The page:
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Cal Poly SLO Engineering v UC Berkeley Engineering v USC Viterbi

stewpopstewpop Registered User Posts: 4 New Member
My S is deciding between these three. Cost is comparable as he has a scholarship at USC. We are in state. All have a great college life and the campuses and locations all have many pros and some cons (not so excited about downtown LA). All have great reputations and if he does well, he will have excellent job options. So we know all of that...

What really matters is: WHERE WILL HE LEARN THE MOST? Here is what I understand:
UCB - World-renowned, great faculty, lots of "weeder" classes, competitive, less focus on undergraduates. Will he have the chance to do hands-on learning on a regular basis? Will he just be a number? Are the other engineering students collaborative?
CP SLO - Highly regarded "Learn by Doing" curriculum. Every engineer I know really likes this place. Said to be highly collaborative. Is that true?
USC - Great all around school and network. Well-respected engineering program. They seem to really care about their students. But what is it like to learn there? Don't have a good sense of that.

Please give your thoughts if you have experience with any of these schools.

Thank you.

Replies to: Cal Poly SLO Engineering v UC Berkeley Engineering v USC Viterbi

  • stewpopstewpop Registered User Posts: 4 New Member
    No one?
  • 1998parent151998parent15 Registered User Posts: 116 Junior Member
    Three great options. I will give an opinion but I don't have the best first hand experience. I think they are very different socially. Did he have a strong reaction visiting? He will learn best if he feels comfortable. Berkeley is likely the best option if he can advocate for his interests or is generally self-motivated. USC is likely the best option if he wants an undergraduate community that he can invest in as they will be there for him long term. CP SLO is likely the best option if he is a bit more focused on the "learning by doing" reputation. That all said, Berkeley has the best name recognition which can't be discounted. If my own child were blessed with those choices and money were equal, I would encourage him towards Berkeley.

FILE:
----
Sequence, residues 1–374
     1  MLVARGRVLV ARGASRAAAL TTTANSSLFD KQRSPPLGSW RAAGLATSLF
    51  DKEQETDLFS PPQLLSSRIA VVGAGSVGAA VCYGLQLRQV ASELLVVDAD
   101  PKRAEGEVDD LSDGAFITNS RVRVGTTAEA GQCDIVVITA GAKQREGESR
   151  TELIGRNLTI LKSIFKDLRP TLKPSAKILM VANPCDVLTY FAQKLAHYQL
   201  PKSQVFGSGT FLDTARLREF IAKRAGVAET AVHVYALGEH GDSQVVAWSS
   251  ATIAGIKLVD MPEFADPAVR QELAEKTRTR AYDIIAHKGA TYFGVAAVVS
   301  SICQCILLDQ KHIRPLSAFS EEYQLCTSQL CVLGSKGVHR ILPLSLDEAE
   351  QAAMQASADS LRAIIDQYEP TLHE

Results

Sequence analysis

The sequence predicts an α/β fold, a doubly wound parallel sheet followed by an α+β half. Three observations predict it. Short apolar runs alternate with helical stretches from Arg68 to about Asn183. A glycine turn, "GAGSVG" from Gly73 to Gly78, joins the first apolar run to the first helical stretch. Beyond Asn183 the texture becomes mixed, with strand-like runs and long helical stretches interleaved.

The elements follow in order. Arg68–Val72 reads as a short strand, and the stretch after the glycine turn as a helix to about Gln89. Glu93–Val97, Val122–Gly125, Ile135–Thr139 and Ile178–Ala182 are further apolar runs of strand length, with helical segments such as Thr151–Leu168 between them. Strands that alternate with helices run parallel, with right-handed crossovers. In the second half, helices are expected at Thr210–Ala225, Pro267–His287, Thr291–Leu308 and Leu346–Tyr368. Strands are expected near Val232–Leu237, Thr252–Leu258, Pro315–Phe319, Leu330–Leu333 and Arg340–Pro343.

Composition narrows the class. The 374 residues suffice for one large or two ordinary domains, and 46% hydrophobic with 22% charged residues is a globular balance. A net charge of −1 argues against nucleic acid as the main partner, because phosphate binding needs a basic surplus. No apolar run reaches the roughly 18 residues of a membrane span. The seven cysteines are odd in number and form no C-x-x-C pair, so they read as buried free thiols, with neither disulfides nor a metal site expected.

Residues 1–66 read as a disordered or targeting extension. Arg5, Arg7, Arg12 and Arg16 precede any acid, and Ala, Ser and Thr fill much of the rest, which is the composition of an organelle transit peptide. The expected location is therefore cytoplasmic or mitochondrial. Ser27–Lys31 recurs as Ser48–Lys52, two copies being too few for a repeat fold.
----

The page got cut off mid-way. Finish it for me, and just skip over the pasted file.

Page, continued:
• stewpopstewpop Registered User Posts: 4 New Member
    Thank you for the thoughtful and insightful reply and you are right that he is very lucky to have this choice!

    We continue to seek input from more people with experience, so please share if you have thoughts!
  • letsshareletsshare Registered User Posts: 205 Junior Member
    @stewpop I am unfamiliar with SLO, but my son is also deciding between Berkeley and USC engineering. It is hard to discount the academic reputation of Berkeley, but it is also difficult to discount overall reputation. At first i was leaning towards Berkeley because if its ranking, but taking into account my son's personality, quality of life and overall experience, I find myself thinking that USC would be a better fit for him. He enjoys collaborating with others, which USC does, it also offers research opportunities pretty early on (something i am not sure how much he would get at Cal). They really try to provide a wide spectrum of opportunities for its students. It is 50/50 theory and hands on so he would get that experience. Also at USC there won't be the concern of budget cuts or possibly classes not being offered and having to stay an extra semester or two. Students at USC just seem happy.
    Did he visit all 3 campuses, did he like the vibe of one over the other?
  • CaliDad2020CaliDad2020 Registered User Posts: 1,010 Senior Member
    @stewpop I have a freshman D doing Mech at Viterbi. Just spent the morning with her. I can give you a sense of what she says about what she's learning, fwiw.
    1) apparently USC math is a bit harder than she expected. Or so she and her friends claim. Not "impossible" hard, but "had to really bust her hump to get an A-" hard. How does that translate to what she learns? I dunno, but a number of her HS friends who are also decent math kids agree it's a challenge. (For reference, she was a 750 SAT Math, 750 SAT subject Math II, AP A/B + B/C calc: A/A-'s w/ 4's on the AP - so a good, but not incredible math student.)
    2) Took Chem for Engineers (Material Science) instead of the general Chem first semester. Loved it (and wasn't a huge fan of AP Chem in HS) Small class (unlike the big general chem lecuture that gets all the pre-meds etc. as well.) Really dug her female prof on this one. Learned a lot that she felt she would use.